6. 6. Women of Algiers, Eugene Delcroix
  7. 7. • The 1830 Revolution in France • Louis XVIII succeeded by Charles X (1757–1836, r. 1824– 1830) • Determined to reverse the legacies of the Revolution and Napoleon • Appeased the ultraroyalists by compensating nobility whose land had been confiscated during the Revolution • Restored the Catholic Church to its traditional place • Provoked widespread discontent
  8. 8. • The 1830 Revolution in France • Charles called new elections, then tried to overthrow the parliamentary regime • The July Ordinances (1830) • Dissolved the newly elected chamber before it had even met • Imposed strict censorship of the press • Further restricted suffrage to exclude all non-nobles • Called for new elections
  9. 9. • The 1830 Revolution in France • Revolution • Paris took to the streets for three days of battles • The abdication of Charles • http://www.youtube.com/watch?v=FgQgzKVX9jc
  10. 10. Liberty Leading the People by Eugène Delacroix
  11. 11. • Belgium and Poland in 1830 • Belgium • Congress of Vienna joined Belgium to Holland • Never popular in Belgium • News of the July Revolution catalyzed Belgian opposition • Brussels rebelled, and the great powers guaranteed Belgian neutrality (in force until 1914)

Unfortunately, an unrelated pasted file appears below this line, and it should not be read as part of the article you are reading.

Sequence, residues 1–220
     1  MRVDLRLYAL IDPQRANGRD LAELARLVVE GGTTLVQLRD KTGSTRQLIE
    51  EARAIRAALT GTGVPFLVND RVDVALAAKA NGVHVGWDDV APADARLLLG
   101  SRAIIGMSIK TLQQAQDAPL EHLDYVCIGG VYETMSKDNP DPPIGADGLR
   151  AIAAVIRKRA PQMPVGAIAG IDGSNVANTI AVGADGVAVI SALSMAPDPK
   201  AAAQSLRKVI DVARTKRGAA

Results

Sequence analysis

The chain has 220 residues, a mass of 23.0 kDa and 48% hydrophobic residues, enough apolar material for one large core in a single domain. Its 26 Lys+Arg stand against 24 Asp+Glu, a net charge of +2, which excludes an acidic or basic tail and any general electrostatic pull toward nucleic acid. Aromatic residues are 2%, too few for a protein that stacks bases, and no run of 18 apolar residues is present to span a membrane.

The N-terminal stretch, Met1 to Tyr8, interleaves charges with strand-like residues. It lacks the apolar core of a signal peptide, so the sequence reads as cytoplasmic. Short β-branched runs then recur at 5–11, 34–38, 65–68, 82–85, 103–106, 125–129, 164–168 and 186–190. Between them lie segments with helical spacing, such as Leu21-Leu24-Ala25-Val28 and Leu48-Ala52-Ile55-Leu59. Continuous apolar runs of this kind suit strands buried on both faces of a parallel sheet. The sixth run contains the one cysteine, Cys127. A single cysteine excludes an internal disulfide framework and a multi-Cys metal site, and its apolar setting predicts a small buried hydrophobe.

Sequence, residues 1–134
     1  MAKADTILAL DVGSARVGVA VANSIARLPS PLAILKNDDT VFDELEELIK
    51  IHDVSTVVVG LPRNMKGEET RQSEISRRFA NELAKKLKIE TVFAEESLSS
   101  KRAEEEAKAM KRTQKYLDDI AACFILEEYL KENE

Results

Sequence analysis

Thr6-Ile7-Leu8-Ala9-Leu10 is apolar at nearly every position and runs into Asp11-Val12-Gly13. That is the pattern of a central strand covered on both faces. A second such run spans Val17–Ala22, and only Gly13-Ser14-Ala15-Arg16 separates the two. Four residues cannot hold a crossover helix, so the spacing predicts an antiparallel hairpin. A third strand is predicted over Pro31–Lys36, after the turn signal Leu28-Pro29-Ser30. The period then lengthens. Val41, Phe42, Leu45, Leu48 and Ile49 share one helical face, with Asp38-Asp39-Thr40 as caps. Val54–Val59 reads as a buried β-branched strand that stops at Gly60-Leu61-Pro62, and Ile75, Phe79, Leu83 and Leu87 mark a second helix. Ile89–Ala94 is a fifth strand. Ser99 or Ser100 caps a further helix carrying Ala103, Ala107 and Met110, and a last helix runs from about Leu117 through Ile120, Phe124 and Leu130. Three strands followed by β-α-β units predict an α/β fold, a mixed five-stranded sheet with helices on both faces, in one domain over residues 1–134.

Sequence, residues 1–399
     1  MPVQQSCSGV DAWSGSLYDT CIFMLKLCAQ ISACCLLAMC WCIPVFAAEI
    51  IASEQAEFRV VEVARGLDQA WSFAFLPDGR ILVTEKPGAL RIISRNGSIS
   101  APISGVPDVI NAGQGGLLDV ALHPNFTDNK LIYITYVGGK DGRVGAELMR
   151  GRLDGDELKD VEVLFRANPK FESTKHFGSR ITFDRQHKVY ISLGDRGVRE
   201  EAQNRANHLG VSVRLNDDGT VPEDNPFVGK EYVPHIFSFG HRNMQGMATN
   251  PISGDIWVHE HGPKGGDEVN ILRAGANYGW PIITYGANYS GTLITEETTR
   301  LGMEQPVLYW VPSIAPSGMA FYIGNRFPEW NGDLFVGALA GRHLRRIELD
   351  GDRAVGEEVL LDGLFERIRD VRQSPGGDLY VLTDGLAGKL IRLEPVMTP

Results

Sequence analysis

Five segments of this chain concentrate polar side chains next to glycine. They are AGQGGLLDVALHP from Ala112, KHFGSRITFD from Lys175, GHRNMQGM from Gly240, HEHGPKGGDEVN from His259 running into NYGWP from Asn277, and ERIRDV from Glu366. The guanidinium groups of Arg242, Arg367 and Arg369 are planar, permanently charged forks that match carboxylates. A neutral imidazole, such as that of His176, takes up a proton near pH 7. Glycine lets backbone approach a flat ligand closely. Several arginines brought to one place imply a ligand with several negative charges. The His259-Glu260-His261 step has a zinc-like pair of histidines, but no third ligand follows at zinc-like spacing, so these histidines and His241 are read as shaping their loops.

12. 12. • Belgium and Poland in 1830 • Poland • Not an independent state—under Russian governance • Polish parliament, constitution, guarantees of basic liberties were ignored by Russian-imposed head of state, Constantine • People favored independence from Russia in 1830 • Drove Constantine out • 1831: Russian forces retook Warsaw • Poland placed under Russian military rule
  13. 13. • Reform in Great Britain • The end of the Napoleonic Wars • Agricultural depression, low wages, unemployment, and bad harvests • Social unrest • Peterloo (1819) • Demonstration against the Corn Laws • Manchester Patriotic Union advocating for universal male suffrage • Radical Orator Henry Hunt to speak • Fearing unrest, local magistrates called on military to arrest Hunt • Military fired on crowd—15 killed; 700+ wounded
  14. 14. • Reform in Great Britain • Parliament passed the Six Acts (1819) • Outlawed ―seditious and blasphemous‖ literature • Increased stamp tax • Restricted the right of public meeting • Refused to reform political representation in the House of Commons
  15. 15. William Hogarth, Canvassing for Votes, 1754-1755. Oil on Canvass, Sir John Sloane’s Muesum, London.